I am really excited about the Bad Bitches Tilit staging project! Why are you excited?
I think that staging is the best way to open your eyes to new things.  You can learn anything from organizational skills, technique, sourcing, management strategies, expediting systems, and not to mention you get to try delicious food!  It's also a great way to develop relationships with people in the field.  Our industry is super cool because it exists and allows people to get better on shared knowledge.  It's not an industry that requires degrees, but instead one where people push themselves and others to get better.  It goes with our "forrealist" perspective on life.  We want to have a portion of the proceeds from the Tilit project go towards a staging fund for women to receive stipends to further their knowledge of the industry in the realist way possible.       
Culinary school or straight to the kitchen?
You don't need it, neither Nikki nor I would recommend it.  She went and I didn't.  We believe working your way up is the way to go.
There has been a second and even a third wave in feminism today? How is it affecting the industry?
Feminism today is rad.  There are so many women helping women and we think it's awesome.  With the internet and social media it's also very obtainable to all.  The number of incredible women that we have met on this journey would blow your mind.  
Who are you some of your role models?
Julia Child, Alice Waters, Thomas Keller, April Bloomfield, Ashley Christensen, Mike Lata and Jason Stanhope (my mentors), Beyonce
What are some new or ongoing projects you are excited about?
Yes!  We are hosting pop up dinners under the name "Aunt Harriet's".  It's a family style dining experience inspired by the ingredients of the lowcountry.  It's my first chance to cook my food for the town that raised me, so it's my favorite project at the moment.  There's lots of veggies, fish, and mismatched vintage platewear and glasses.  We haven't totally lost the Bad Bitches vibe, the playlist is full of slow jams and 90's rap.  Right now, they are on Sundays and we feed 20 each week.  Check it out at www.auntharriets.com or on instagram @auntharriets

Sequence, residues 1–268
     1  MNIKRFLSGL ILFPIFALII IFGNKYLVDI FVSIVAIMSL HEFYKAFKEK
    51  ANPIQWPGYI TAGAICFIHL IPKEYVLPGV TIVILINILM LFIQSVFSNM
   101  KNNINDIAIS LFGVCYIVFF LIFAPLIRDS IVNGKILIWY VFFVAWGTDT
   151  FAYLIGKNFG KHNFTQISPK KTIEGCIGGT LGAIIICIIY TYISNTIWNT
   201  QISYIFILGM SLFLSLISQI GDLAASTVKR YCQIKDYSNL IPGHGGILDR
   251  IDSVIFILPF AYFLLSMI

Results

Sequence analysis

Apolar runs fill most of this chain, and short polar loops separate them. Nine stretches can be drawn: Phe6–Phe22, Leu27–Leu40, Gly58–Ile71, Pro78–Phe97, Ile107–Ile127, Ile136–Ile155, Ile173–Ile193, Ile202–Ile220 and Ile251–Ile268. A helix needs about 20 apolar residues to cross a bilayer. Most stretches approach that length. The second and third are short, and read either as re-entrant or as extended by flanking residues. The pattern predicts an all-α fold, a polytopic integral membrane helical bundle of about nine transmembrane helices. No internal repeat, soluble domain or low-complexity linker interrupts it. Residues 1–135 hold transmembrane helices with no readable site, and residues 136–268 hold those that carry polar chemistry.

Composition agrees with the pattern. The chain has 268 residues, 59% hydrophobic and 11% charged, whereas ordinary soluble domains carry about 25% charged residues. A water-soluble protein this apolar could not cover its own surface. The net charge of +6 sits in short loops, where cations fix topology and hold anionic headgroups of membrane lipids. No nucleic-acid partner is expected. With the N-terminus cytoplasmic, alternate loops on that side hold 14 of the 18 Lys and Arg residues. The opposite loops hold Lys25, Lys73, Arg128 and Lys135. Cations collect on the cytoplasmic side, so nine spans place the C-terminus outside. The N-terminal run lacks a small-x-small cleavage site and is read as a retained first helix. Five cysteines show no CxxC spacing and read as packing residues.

Pop ups are your guy's thang why do you love them?
They take you out of a normal restaurant environment, which is really fun.  It also allows us to control our own schedule and not have the overhead that a restaurant has.  
How's Charleston doin?
The Charleston food scene is insane right now.  We have 4 well known chef's opening in town right (Michael Toscano, Damon Wise, John Lewis, Kristen Kish), which is crazy when you think that downtown Charleston has a population of 34k and is only 8 square miles.  The newest season of Top Chef is filming here next month and we are now home to 4 James Beard Best Chef Southeast.  The food scene is getting bigger, but my hope is that with more people coming in the more everyone will have to up their game and challenge each other.  For somebody like me who is from here and been in the industry since I was 15, which is over half my life, I never thought we would have this sort of national attention.  It's pretty cool.

Written by Sofie Buck — April 29, 2016